Written in Black and Wight: D

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Welcome to the quiz series dedicated to the Isle of Wight's dialect, preserved in publications including A Dictionary of Isle of Wight Dialect by WH Long (1886) and Isle of Wight Dialect by Jack Lavers (1988)1.

This edition is in glorious 4D, being issue 4 and dedicated to the letter 'D' – so put on your reading glasses and let the magic begin. Each word is followed by a choice of definitions, one of which is correct. But which is it? Oh, the tension!


This week is words beginning with D, a letter that was often used to replace 'Th'.

Isle of Wight


  • Someone who is dancing.
  • Someone who caulks the bottom of ships' holds to keep them watertight.
  • Someone who is proficient at something.


  • The inhabitants of Sandown.
  • Daffodils.
  • Ducks and other birds commonly found on the downs.


  • An exact likeness.
  • A horse, cow etc with a spotty coat of fur.
  • Gently applying ointment in order to alleviate pain.


  • An abandoned, derelict shipwreck.
  • This instant.
  • A (normally steam-powered) threshing-machine used at harvest.

Devil's Dancen Hours

  • All Hallow's Eve.
  • The winter solstice.
  • Midnight.


  • A pre-breakfast snack.
  • Leather reins connecting a horse collar to the mouthpiece.
  • Skin hanging beneath the neck of cattle.


  • To make holes to plant seeds in.
  • To cheat or swindle.
  • A large marble.


  • Wedge-like tool used to crack limestone blocks to the right size.
  • To break and destroy.
  • A thick, dark and dismal fog or sea mist.


  • A barmaid (sometimes used with implications of prostitute).
  • A fine, dry sand used to scour items, also sandpaper.
  • A bird.


  • Edible puffball mushroom.
  • Someone silly, clumsy or lacking in common sense.
  • A round cake filled with jam.


  • A narrow passage between two buildings.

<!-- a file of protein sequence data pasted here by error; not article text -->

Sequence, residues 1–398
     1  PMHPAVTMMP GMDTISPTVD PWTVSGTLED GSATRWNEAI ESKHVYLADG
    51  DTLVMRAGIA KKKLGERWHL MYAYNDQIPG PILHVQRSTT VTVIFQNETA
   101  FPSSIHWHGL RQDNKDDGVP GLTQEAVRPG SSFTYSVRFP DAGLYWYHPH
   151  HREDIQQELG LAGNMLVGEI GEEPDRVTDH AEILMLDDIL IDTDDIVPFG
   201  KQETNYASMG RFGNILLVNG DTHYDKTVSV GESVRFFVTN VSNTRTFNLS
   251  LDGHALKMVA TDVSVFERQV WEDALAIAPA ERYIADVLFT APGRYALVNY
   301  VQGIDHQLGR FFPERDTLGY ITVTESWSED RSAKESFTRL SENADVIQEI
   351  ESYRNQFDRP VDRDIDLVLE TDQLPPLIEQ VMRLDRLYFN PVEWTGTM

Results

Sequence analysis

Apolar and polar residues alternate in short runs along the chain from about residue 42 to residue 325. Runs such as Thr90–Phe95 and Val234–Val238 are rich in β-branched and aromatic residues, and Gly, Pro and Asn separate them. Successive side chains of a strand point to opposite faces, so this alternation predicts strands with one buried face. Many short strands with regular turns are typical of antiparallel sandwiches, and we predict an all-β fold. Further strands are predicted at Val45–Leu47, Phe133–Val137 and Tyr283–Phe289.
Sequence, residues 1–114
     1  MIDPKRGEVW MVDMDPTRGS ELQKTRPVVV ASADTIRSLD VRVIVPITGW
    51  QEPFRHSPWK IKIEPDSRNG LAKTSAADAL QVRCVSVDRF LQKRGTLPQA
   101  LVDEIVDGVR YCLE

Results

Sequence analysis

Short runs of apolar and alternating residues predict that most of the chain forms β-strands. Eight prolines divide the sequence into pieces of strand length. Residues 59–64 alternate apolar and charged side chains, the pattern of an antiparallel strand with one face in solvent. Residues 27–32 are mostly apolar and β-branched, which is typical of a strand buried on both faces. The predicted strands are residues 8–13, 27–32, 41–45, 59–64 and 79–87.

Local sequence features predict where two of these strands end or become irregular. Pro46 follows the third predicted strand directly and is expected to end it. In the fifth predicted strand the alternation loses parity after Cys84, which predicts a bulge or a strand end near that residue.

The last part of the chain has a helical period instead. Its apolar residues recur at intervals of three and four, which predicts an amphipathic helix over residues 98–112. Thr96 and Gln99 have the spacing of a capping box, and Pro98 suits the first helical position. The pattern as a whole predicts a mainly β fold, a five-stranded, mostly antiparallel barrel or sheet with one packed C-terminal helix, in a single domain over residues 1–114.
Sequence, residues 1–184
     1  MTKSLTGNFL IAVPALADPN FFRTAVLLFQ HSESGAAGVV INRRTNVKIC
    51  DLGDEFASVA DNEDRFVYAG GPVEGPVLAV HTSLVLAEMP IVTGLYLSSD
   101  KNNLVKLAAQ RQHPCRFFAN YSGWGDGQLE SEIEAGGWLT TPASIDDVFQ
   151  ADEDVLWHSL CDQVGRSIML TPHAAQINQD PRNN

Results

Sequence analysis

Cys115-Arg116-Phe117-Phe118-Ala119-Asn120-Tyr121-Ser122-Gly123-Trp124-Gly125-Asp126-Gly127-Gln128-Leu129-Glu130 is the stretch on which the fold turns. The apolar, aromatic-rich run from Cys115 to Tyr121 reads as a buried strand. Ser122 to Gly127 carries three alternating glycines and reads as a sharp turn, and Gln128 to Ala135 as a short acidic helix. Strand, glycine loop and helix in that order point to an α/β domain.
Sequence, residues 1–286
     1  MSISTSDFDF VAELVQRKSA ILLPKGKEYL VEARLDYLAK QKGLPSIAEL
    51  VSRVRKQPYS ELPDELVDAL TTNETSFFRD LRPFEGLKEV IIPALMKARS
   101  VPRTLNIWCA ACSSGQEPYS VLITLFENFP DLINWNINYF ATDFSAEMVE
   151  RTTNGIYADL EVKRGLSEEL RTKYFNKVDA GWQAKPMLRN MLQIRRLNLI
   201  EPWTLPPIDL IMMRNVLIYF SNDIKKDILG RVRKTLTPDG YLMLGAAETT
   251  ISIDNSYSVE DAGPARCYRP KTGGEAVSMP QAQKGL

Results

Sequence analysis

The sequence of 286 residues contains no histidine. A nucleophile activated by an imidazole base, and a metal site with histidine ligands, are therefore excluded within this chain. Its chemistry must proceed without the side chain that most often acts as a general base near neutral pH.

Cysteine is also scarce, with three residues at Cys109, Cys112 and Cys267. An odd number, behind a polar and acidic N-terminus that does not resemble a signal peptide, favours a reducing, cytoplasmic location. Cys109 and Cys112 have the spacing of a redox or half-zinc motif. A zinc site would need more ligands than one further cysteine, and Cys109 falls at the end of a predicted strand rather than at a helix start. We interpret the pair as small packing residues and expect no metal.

• Netting used to get onto and off of ships berthed at the tidal Newport quay.
  • Small three-sided shelter found on medium-sized fishing ships.


  • Lace-making tool.
  • A child's spinning-top.
  • The bottom of a door.


  • A large stone with a hole in exposed at low tide in the tidal Newtown Estuary that women suspected of witchcraft were tied to2.
  • A children's game in which a small stone was balanced on a large stone, the aim being to knock the stone off by throwing stones at it.
  • An egg.


  • Respected village elder considered quite wise.
  • A bumblebee.
  • Uneven surface or trip hazard.


  • Sea currents and eddies.
  • Thighs, the bit of legs between hips and knees.
  • An object weighs dwyes when it is heavier than normal having become wet.

Click on the picture for the answers!

Map of the Isle of Wight in words.A reader of the h2g2 Post
The Bluebottle Archive


26.06.17 Front Page

Back Issue Page

1Others include A Glossary of Isle of Wight Words by Major Henry Smith and Charles Roach Smith (1876), The Encyclopedia of Isle of Wight Words, Placenames, Legends, Books and Authors by Edward Turner (1900) and The English Dialect Dictionary ed. Joseph Wright (1906).2Obviously if they hadn't drowned by the next low tide, they weren't witches.

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